Introduction to Free Trade Agreements

by | Jul 27, 2017 | Articles

*Disclaimer: This post was originally found on Website:–Introduction


When deciding what countries to target with your products, it is important to consider whether they have a free trade agreement with the United States. Specifics of each free trade agreement vary, but generally they provide U.S. sellers with lower import duties. Additional components of free trade agreements can make it easier for U.S. companies to bid on government procurements. Some free trade agreements require a written certificate of origin to accompany your shipment if the value exceeds a certain dollar amount. There are a lot of variables when it comes to U.S. free trade agreements. Watch the video today to learn more.


Why should you care about free trade agreements (FTAs)?
If you are looking to export your product or service, the United States may have negotiated favorable treatment through an FTA to make it easier and cheaper for you to export to the country of your favor. Accessing FTA benefits for your product may require more record-keeping, but it can also give your product a competitive advantage versus products from other countries.

What is an FTA negotiated by the United States?
An FTA is an agreement between two or more countries where the countries agree on certain obligations that affect trade in goods and services, and protections for investors and intellectual property rights, among other topics. For the United States, the main goal of trade agreements is to reduce barriers to U.S. exports, protect U.S. interests competing abroad, and enhance the rule of law in the FTA partner country or countries. The reduction of trade barriers and the creation of a more stable and transparent trade and investment environment make it easier and cheaper for U.S. companies to export their products and services to trading partner markets.

How can FTAs benefit U.S. exporters or investors?
U.S. FTAs typically address a wide variety of government activity. One example is the reduction or elimination of tariffs charged on all qualified products coming from the other country. For example, a country that normally charges a tariff of 5% of the value of the incoming product will eliminate that tariff for products that originate (as defined in the FTA) in the United States.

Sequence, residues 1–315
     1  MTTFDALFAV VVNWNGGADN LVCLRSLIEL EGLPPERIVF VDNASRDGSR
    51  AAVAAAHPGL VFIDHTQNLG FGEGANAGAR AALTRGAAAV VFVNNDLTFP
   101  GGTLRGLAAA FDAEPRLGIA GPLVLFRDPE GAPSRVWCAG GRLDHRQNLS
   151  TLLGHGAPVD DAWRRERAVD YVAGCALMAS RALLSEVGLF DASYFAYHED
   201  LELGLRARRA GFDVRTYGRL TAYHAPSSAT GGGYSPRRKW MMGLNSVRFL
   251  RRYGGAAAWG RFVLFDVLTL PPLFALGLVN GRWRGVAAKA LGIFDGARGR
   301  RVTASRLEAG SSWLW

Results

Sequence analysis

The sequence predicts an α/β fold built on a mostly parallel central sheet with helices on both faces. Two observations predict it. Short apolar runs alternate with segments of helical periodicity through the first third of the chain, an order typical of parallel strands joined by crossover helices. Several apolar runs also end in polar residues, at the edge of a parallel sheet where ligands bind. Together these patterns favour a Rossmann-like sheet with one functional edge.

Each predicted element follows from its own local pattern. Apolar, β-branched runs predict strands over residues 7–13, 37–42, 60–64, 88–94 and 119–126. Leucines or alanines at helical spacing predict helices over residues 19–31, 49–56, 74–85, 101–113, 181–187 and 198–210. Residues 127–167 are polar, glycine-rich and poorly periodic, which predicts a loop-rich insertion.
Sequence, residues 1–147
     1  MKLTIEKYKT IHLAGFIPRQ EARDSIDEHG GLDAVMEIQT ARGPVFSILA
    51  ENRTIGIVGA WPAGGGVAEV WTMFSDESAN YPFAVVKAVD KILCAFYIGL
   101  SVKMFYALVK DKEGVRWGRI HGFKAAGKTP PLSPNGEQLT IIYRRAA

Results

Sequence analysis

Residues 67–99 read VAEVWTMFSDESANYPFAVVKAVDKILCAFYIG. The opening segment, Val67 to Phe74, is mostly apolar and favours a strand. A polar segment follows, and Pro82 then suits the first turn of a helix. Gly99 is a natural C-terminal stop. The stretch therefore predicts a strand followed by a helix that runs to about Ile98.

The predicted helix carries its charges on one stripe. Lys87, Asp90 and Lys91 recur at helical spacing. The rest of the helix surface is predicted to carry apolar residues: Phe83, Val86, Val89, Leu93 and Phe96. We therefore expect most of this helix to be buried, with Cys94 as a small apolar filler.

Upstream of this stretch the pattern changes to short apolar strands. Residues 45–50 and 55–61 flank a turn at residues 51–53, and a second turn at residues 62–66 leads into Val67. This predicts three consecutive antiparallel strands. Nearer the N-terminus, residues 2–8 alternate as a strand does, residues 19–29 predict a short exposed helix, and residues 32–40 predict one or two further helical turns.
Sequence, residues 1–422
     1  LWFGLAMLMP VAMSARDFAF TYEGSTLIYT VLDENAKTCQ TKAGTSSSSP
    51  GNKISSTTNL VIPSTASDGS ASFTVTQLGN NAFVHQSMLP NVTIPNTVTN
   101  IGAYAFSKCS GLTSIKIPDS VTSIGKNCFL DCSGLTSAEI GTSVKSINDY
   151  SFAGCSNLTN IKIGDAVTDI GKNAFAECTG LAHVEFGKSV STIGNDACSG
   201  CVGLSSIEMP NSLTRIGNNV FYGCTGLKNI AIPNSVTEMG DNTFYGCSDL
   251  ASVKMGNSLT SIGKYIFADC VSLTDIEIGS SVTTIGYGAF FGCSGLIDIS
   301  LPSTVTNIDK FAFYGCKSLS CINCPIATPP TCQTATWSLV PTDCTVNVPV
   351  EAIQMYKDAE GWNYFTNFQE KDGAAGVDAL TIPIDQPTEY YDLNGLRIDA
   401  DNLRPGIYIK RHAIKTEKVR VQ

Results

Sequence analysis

Documenting how a product originates, or meets the rules of origin, can make using the FTA negotiated tariffs a bit more complicated. However, these rules help to ensure that U.S. exports, rather than exports from other countries, receive the benefits of the agreement.

Other types of opportunities frequently found in FTAs include:

  • The ability for a U.S. company to bid on certain government procurements in the FTA partner country;
  • The ability for a U.S. investor to get prompt, adequate, and effective compensation if its investment in the FTA partner country is taken by the government (expropriated);
  • The ability for U.S. service suppliers to supply their services in the FTA partner country;
  • The protection and enforcement of American-owned intellectual property rights in the FTA partner  country;
  • The ability for U.S. exporters to participate in the development of product standards in the FTA partner country.

With which countries does the United States have an FTA?
The United States has 14 FTAs in force with 20 countries.  U.S. FTA Partner Countries: Australia; Bahrain; Chile; Colombia; DR-CAFTA: Costa Rica, Dominican Republic, El Salvador, Guatemala, Honduras, & Nicaragua; Israel; Jordan; Korea; Morocco; NAFTA: Canada & Mexico; Oman; Panama; Peru; and Singapore.

How can U.S. companies identify tariffs on exports to FTA partner countries?
The FTA Tariff Tool can help you determine the tariff or tax at the border that U.S. FTA partners will collect when a U.S. exported product, that meets the FTA rule of origin, enters the country. You can look up the tariff rate for a given product today, as well as identify when in the future the tariff rate will go down further or be eliminated altogether.

Prepared by the International Trade Administration. With its network of 108 offices across the United States and in more than 75 countries, the International Trade Administration of the U.S. Department of Commerce utilizes its global presence and international marketing expertise to help U.S. companies sell their products and services worldwide. Locate the trade specialist in the U.S. nearest you by visiting


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